Local government funding and financing

Local government funding and financing
01 Nov 2019
Issues Paper - Local government funding and financ…
01 Nov 2018


The Government has asked the Commission to undertake an inquiry into local government funding and financing. It wants to know what is driving the cost of local-government services and whether the current funding and financing arrangements are adequate and efficient. If neither adequate nor efficient, the Government wants to know what options and approaches will improve these arrangements.


The Commission’s findings and recommendations have been informed by a comprehensive engagement with interested and expert parties. The inquiry received 271 submissions from a diverse range of sector participants; including from councils, business groups, property developers, infrastructure providers, academics and researchers, farming bodies, ratepayer groups, individual ratepayers and government agencies.

The inquiry team met with a wide variety of interested parties across New Zealand. These included several “cluster meetings” of councils (where a council hosted neighbouring councils) in Dunedin, Christchurch, Palmerston North, Tasman, Porirua, Auckland and Hamilton. The Commission has appreciated the large turn-outs at these cluster meetings. The Commission also met with provincial chambers of commerce members, Federated Farmers members, and property developers.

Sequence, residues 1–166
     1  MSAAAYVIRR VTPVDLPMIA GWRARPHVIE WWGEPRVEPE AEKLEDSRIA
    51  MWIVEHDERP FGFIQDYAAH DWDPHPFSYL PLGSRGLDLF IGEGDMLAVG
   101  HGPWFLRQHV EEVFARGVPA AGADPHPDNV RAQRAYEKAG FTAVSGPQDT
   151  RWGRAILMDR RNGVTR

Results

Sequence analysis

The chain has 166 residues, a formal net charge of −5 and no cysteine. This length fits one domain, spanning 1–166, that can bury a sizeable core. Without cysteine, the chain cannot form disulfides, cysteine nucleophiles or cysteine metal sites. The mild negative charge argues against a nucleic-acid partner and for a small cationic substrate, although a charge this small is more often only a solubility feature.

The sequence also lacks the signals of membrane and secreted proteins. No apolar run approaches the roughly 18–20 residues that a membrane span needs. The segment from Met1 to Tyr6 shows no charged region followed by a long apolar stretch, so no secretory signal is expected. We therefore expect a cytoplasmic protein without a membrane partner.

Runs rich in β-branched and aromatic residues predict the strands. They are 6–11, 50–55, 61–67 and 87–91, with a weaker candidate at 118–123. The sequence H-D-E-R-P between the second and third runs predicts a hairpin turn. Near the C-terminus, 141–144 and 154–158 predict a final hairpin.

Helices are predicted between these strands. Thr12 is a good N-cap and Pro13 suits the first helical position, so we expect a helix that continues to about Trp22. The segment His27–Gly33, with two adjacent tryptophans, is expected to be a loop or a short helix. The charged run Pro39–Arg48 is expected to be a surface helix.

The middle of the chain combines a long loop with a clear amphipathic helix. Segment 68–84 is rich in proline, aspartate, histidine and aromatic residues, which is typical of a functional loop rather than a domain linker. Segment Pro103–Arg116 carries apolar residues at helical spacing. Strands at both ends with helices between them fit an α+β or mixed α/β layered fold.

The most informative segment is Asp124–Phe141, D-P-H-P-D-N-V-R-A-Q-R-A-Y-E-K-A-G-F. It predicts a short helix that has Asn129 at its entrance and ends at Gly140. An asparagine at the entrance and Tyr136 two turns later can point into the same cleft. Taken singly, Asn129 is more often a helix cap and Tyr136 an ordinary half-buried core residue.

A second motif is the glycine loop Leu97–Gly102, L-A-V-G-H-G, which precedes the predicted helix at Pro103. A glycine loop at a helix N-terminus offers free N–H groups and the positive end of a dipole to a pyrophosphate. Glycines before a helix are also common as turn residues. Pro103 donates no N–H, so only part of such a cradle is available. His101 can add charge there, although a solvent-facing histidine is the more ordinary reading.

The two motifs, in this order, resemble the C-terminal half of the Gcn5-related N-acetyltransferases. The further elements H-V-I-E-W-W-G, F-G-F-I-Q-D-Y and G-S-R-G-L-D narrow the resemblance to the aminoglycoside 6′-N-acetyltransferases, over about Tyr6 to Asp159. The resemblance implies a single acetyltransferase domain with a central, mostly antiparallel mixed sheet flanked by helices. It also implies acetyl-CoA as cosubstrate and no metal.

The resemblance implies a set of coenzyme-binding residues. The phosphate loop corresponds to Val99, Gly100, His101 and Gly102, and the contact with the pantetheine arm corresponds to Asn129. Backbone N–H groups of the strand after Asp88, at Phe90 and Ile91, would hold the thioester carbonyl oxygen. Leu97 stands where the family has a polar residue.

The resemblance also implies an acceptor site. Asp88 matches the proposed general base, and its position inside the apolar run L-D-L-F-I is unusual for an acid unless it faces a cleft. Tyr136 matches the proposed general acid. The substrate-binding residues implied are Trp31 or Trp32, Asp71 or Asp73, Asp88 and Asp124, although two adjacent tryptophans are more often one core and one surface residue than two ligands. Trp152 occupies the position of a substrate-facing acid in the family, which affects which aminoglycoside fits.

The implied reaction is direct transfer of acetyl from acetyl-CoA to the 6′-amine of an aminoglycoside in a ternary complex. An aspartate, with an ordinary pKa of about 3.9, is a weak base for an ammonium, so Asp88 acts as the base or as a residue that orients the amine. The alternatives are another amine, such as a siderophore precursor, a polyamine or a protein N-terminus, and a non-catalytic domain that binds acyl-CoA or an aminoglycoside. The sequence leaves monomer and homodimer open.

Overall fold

The Commission undertook five in-depth case studies. Four of these were with a cross-section of individual councils, including one regional council. The fifth case study was a thematic study focused on climate change adaptation. It involved visits to the three councils involved in the Clifton to Tangoio Coastal Hazard Strategy process in the Hawke’s Bay.

The case studies involved a comprehensive document review and face-to-face interviews with elected members and key staff. These “deep-dive” case studies have allowed the Commission to “get below the averages”. They have provided it with a detailed understanding of the diversity of issues facing different councils.

Key Results

Radical reform is not required. The current rates-based system remains appropriate for New Zealand. International experience offers no clearly superior alternative.

But there are areas of significant funding pressure. These pressures are highly uneven across councils with small, rural councils serving low-income communities under particular pressure.

Targeted solutions are needed to tackle these pressures. Key recommendations include new tools to help councils fund and manage growth, and additional support from central government to help councils adapt to major pressures, such as climate change.

Councils need to lift their performance to help manage funding pressures. This includes making better use of all existing funding tools. Transparency is key, and a number of recommendations are aimed at improving the transparency of local government funding decisions and performance.

A better relationship between central and local government is essential. An agreed protocol would help end the practice of central government imposing responsibilities on local government, without appropriate funding. The Crown should also be paying for council services it receives on its properties and developments.

Regional spatial planning will better prepare councils for the future. It's a key tool for achieving more efficient use of resources, and better coordination between councils, and local and central government.

Page last modified: 22 Mar 2024